Creditor, with a claim wholly secured by chapter 11 debtor's real property, sought relief from stay to foreclose its interest. The debt owed to creditor equaled approximately 93% of the value of the property, and was increasing at the rate of approximately $8,000 per month, in interest. The court found that the property's value was stable, but that creditor's "equity cushion" would dissipate within a year due to the interest. Creditor asserted that these facts left it without the adequate protection that would be provided by an equity cushion. The court, noting that "adequate protection" was not defined in the Code, found it to be dependent on the factual circumstances of each case and, while an equity cushion may be helpful to adequate protection, it does not define it. The facts before the court were that the property was necessary to debtor's reorganization, creditor was a first lien holder, and had ample collateral to cover its debt. Therefore, creditor was adequately protected and was not entitled to relief from stay.
Title: Borg-Warner Acceptance Corp. v. Twelves (In re Utah Agricorp, Inc.), 12 B.R. 573 (Bankr.D.Utah) | Date: Jul-16-1981 | Status: PUBLISHED (Judge Mabey) | Case(s): 79-0037
In a case subject to the Bankruptcy Act, the court considered plaintiff's claim that it held a perfected security interest in a harvester that was repurchased by debtor from a dealer in Idaho. At issue was whether plaintiff's security interest became unperfected under Utah law when the harvester was transported from Idaho to Utah. The court rejected plaintiff's claims of constructive possession and re-perfection, concluding that Utah Code Ann. §70A-9-103(1)(d) and 70A-9-302 required a security agreement to be filed in Utah within four months of the harvester's arrival there, in order for the lien to remain perfected. Plaintiff's failure to file a security agreement in Utah within four months rendered its lien unperfected back to the date of the harvester's arrival in the state.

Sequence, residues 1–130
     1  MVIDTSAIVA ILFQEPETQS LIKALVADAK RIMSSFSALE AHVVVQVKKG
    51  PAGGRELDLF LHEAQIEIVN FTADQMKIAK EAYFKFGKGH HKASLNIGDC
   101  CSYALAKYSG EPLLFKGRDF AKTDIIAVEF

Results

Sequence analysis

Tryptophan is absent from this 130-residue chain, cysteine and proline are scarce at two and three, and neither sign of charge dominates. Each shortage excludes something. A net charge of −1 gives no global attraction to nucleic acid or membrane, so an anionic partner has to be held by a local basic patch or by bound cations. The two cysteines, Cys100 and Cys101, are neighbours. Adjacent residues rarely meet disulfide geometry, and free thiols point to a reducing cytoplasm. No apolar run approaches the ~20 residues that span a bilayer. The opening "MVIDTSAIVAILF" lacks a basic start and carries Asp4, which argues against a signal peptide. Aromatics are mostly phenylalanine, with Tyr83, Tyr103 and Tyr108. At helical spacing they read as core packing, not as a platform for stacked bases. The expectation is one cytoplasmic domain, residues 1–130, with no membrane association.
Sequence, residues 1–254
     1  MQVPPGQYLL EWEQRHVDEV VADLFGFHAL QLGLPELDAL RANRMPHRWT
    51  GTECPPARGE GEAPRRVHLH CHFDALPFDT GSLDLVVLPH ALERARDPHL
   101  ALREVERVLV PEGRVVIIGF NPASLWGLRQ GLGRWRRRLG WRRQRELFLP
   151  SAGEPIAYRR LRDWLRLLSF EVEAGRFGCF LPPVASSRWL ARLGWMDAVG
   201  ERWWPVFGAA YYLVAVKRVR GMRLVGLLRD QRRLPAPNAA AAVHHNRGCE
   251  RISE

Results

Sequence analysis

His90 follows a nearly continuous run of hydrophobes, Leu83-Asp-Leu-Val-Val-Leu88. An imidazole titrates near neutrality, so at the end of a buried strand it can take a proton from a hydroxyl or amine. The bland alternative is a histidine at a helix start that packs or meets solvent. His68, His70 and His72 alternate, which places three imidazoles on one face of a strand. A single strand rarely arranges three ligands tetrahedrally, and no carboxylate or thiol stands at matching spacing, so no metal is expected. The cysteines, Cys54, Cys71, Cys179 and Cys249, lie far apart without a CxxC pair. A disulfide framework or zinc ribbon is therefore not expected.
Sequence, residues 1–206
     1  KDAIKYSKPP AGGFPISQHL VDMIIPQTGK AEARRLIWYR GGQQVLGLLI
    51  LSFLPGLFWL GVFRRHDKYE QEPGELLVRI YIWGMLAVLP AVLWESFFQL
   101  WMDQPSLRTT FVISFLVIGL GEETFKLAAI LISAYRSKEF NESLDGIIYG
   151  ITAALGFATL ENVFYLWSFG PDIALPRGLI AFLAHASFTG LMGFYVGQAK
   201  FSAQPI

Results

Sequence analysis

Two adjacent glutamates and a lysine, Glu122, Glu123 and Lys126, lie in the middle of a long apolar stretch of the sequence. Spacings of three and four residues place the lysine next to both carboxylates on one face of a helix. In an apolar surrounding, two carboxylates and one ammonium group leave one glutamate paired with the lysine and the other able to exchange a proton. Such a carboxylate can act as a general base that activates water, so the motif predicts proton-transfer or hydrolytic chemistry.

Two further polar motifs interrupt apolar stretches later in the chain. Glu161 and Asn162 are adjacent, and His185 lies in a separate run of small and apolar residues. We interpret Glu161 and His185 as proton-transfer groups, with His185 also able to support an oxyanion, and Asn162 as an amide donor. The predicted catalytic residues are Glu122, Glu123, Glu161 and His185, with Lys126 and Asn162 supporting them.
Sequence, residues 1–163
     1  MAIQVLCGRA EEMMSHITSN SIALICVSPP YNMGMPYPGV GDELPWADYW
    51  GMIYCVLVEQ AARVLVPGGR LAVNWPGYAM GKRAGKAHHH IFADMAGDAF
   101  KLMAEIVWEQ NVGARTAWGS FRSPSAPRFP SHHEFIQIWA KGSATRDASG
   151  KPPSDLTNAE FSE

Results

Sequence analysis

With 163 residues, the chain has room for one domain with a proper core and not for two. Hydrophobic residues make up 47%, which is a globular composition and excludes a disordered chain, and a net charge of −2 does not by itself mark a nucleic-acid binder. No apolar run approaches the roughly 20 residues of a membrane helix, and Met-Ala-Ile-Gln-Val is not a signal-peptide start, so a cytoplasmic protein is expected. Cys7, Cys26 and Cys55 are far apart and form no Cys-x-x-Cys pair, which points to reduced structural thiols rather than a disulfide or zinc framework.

Title: In re Adams, 12 B.R. 540 (Bankr.D.Utah) | Date: Jul-15-1981 | Status: PUBLISHED (Judge Mabey) | Case(s): 80-0970
The court considered a claim for alimony and child support by chapter 13 debtor's ex-wife, which is non-dischargeable under 11 U.S.C. § 523(a)(5), and is excepted from the automatic stay pursuant to 11 U.S.C. § 363(b)(2) to the extent that recovery is sought from non-estate property. After confirmation of debtor's plan, ex-wife obtained a judgment in state court for past alimony and child support, which she sought to collect. Debtor moved for an order to show cause, and the court identified the issue before it as what property was not estate property that could be executed on by ex-wife while the stay was in place. The court concluded that virtually no property remains property of the debtor in a chapter 13 proceeding, prior to confirmation, since even property within debtor's possession and control and exempt property are considered to be estate property in a chapter 13. However, unless the plan or confirmation order provides otherwise, plan confirmation re-vests all of the estate property in the debtor. The court suggested that chapter 13 debtors might want to include full payment of non-dischargeable debts to ex-spouses in their plans, thereby relieving the ex-spouses from pursuing collection outside of the bankruptcy, and providing monitoring of their payments by the trustee.
Title: In re Case, 11 B.R. 843 (Bankr.D.Utah) | Date: Jun-10-1981 | Status: PUBLISHED (Judge Mabey) | Case(s): 80-0294